Optimising your productivity is not often easily done without the right planning. Putting pen to paper tends to prove the most useful way to set out your intentions.
If this is not so easily done with simple bullet points or shorthand, the creative folks at Journal Smarter recently enlightened us with their list of journaling techniques to help move things along.
Compiled by Michal Korzonek, tools from world-class thought leaders have been neatly translated into journaling templates on the subjects of planning, becoming a communication master, expanding your perception and living a more balanced life, among others.
Reinterpreting the teachings of notable authors such as Tim Ferriss and Mark Manson into easy to follow grids, below, we’ve highlighted a few of our favourites to put into action.
Dot Zacharias’ Sleep Heat Map
Get the best from your shuteye by focusing on areas of your life you consider to a have the biggest impact on your sleep.
Sixteen factors come into play here, which are divided into the categories of environment, mental and physical.
Its recommended that you copy this into your journal and score each category from 1 to 10, 10 being no problem and 1 meaning it needs a lot of work. Then, write down some keywords in each box about what can be done to improve these factors.
Charlotte Lieberman’s Procrastination Loop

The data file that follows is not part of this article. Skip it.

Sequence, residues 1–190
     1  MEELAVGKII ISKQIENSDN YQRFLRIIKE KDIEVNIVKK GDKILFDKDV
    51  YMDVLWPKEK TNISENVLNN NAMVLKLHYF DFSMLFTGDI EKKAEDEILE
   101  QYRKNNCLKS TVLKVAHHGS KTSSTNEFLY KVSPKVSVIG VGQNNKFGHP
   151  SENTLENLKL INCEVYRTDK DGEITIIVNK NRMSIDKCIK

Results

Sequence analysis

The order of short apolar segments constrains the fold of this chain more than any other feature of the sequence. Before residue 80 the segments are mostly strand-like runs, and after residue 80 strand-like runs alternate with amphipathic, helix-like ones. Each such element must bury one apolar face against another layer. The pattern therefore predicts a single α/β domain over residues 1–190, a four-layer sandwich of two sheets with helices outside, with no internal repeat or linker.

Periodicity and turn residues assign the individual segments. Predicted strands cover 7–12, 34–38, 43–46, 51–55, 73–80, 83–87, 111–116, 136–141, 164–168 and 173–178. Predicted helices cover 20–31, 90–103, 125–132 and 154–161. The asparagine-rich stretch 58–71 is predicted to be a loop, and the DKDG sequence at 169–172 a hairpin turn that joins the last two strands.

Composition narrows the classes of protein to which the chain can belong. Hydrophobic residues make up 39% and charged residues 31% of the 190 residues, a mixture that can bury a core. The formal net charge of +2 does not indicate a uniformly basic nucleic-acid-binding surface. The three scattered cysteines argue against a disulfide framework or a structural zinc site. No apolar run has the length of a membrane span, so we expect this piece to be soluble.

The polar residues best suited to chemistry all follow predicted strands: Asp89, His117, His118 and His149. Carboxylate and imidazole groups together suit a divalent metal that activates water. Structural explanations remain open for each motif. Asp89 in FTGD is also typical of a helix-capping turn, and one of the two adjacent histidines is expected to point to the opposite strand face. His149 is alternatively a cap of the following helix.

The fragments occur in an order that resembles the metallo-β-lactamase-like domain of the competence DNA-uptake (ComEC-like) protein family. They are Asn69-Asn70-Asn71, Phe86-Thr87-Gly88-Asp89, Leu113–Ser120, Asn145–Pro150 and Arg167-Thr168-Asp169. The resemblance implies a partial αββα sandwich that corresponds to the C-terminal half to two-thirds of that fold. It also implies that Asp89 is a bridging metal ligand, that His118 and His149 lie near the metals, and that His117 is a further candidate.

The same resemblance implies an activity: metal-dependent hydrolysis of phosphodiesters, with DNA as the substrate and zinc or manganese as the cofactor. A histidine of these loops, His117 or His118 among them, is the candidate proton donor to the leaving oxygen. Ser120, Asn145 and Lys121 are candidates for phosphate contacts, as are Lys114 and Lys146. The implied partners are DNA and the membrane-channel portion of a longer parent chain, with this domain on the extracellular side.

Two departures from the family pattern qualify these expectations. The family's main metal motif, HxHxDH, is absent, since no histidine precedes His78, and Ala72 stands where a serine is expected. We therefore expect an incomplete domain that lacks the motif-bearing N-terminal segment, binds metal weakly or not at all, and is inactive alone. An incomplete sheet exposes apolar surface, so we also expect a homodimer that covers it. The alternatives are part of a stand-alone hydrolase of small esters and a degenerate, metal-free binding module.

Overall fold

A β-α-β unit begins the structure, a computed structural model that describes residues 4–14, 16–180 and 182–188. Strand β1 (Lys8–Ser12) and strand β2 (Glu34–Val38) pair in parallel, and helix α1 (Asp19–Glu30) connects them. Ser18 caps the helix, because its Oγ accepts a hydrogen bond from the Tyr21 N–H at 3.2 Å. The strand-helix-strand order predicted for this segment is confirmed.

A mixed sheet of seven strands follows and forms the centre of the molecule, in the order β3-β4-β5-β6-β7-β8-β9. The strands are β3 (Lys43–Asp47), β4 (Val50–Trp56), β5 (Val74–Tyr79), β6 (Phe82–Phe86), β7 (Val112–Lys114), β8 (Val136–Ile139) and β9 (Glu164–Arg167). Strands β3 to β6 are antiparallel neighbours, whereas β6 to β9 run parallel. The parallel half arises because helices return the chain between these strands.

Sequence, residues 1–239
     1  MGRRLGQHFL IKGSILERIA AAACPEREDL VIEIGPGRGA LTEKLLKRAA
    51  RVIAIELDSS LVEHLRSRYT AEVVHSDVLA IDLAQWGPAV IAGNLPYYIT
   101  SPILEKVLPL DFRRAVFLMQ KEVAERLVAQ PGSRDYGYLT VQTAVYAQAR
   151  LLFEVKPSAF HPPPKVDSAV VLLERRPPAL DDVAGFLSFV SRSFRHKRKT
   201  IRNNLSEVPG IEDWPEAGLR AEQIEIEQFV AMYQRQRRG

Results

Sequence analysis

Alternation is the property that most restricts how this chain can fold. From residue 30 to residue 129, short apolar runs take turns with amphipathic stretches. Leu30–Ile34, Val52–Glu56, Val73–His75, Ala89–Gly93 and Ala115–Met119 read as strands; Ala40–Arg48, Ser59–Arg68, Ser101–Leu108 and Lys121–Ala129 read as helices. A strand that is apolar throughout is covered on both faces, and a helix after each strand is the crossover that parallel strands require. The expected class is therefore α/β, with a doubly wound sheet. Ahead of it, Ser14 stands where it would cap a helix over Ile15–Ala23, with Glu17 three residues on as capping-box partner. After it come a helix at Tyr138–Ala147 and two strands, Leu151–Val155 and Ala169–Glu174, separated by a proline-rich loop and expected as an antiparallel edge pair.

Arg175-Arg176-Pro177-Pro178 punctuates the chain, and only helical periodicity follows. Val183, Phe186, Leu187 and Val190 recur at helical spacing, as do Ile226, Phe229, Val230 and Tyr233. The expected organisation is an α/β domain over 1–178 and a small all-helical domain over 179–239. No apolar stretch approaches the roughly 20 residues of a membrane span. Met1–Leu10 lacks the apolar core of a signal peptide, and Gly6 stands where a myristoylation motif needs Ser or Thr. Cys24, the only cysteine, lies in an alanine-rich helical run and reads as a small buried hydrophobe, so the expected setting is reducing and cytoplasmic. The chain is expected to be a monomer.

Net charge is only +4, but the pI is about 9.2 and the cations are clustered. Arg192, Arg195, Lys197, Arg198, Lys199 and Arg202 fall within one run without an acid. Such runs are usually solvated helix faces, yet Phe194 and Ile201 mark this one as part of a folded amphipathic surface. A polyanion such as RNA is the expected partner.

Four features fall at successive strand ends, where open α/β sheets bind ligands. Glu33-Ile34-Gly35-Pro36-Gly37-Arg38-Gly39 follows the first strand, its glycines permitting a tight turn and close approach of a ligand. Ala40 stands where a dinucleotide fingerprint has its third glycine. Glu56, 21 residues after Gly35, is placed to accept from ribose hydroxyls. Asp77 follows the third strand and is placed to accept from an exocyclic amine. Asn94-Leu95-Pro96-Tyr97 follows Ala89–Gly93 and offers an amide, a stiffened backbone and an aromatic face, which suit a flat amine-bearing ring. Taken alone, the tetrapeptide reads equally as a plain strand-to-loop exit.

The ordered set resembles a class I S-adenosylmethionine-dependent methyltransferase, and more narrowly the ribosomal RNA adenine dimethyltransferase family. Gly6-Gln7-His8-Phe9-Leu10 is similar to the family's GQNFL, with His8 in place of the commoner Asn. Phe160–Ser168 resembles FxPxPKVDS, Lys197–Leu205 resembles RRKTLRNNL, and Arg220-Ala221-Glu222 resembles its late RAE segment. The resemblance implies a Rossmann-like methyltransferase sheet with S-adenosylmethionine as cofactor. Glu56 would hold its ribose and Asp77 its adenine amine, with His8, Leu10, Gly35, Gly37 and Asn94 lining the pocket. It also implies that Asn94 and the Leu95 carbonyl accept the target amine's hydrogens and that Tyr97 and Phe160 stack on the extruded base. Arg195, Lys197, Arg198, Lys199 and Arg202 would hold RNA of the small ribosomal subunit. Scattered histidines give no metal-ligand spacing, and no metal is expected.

In New York Times journalist Lieberman’s article “Why You Procrastinate (It Has Nothing to Do With Self-Control)”, the core idea expressed is that procrastination is an emotional feedback loop.
The process begins with a challenging emotion surfacing such as self-doubt or stress, procrastination provides temporary emotional relief, you feel bad for procrastinating, and so the emotions become stronger still.
Her practical solutions to break the loop are to be curious about your emotions to get to the root of why you procrastinate, break the task down to smaller actions, limiting temptation of distraction (by hiding your phone, for example) and removing points of resistance that make what you do difficult.
You might consider journaling as something of a procrastination from your task at hand, but this spread should help you express Lieberman’s sentiment.
Lionel Rosen’s Process Thinking
Where we often lose out on achieving our long-term goals is by losing sight of the short-term actions that will take us there. This tip is all about focussing on the next logical consecutive point on the journey to completion.
Rosen’s method puts it that you shouldn’t only think about the letters “A” and “Z” in your journey, but the entire alphabet. Keep the endpoint in mind as you get started, but quickly revert back to B to ensure progress remains steady.
Ryan Holiday neatly highlights the success story of American college football coach Nick Saban’s use of this process in his Observer article.
Leo Babauta’s The True Cost of Stuff
Based on minimalist Babauta’s definitions of additional costs to what we buy that aren’t reflected in the RRP, this journaling technique justifies your investments to avoid buyer’s regret.
It factors in elements such as the physical space your purchase will take up, damage to the environment, how much you’ll worry about it, your dependence to it, plus energy and maintenance costs.
Spend time to really consider what you spend your money on and if it’s truly worth it by using the journaling technique above.
Read all 41 journaling exercises for mind expansion and effective behaviour change here.